That is where we were, but where we have come is very different. It turns out that it’s not about us after all — never was — but about the reality of Jesus Christ, who He is and what He has done. That changes everything! We are no longer limited to the reality of earth but now free to partake of the reality of heaven. Consider where we have now come:

We have come to Mount Zion. This is in contrast to Mount Sinai, the place where the Law of Moses was given, the law that inevitably led to condemnation (see Romans 7 for Paul’s experience on that). Mount Zion, however, was the place where God chose to dwell and manifest His presence among His people. The author of Hebrews is not speaking of natural geography, though; he is talking about spiritual reality.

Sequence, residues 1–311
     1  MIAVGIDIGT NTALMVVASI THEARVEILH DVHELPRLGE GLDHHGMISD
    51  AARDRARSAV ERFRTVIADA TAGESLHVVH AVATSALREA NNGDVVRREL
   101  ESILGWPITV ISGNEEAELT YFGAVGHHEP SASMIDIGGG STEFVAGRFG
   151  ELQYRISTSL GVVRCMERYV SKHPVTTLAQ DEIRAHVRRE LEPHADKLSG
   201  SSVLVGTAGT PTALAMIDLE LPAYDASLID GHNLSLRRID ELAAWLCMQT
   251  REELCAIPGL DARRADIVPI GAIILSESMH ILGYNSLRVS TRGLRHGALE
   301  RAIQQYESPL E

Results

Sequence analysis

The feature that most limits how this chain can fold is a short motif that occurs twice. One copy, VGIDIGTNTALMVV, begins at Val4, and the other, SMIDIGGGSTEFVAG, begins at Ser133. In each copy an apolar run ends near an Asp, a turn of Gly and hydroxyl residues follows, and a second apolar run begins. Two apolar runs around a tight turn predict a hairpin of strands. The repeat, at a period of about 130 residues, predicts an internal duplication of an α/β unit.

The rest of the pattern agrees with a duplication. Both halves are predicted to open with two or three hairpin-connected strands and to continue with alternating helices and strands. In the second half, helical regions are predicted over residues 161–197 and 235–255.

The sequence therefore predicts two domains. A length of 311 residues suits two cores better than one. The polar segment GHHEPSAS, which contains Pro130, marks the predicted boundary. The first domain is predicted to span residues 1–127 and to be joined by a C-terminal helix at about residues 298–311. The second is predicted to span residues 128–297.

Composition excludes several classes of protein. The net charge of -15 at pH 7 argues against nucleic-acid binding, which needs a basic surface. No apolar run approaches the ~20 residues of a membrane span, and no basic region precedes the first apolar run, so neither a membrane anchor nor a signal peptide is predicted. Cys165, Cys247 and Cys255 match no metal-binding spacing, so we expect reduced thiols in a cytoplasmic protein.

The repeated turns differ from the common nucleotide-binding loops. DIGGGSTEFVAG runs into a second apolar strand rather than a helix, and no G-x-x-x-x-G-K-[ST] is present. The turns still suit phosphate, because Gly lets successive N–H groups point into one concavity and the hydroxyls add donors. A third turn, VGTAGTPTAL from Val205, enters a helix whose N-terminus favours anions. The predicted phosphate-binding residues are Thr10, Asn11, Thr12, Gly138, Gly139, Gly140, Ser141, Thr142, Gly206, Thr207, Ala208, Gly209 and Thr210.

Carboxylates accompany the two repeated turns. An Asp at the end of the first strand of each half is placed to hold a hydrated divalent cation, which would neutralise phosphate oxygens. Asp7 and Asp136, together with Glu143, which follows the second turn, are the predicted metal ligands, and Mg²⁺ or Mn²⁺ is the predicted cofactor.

We have come to the city of the living God. In the natural, Mount Zion was the city of God, the place of His temple, His habitation. But again, the author is speaking of spiritual reality. He has noted already, in Hebrews 11, that Abraham was seeking “the city which has foundations, whose builder and maker is God” (v. 10). Indeed, of all the saints of the old covenant, he says, “But now they desire a better, that is a heavenly country. Therefore God is not ashamed to be called their God, for He has prepared a city for them” (v. 16). Now we have come to that city and Paul reminds us, “You are the temple of the living God” (2 Corinthians 6:16).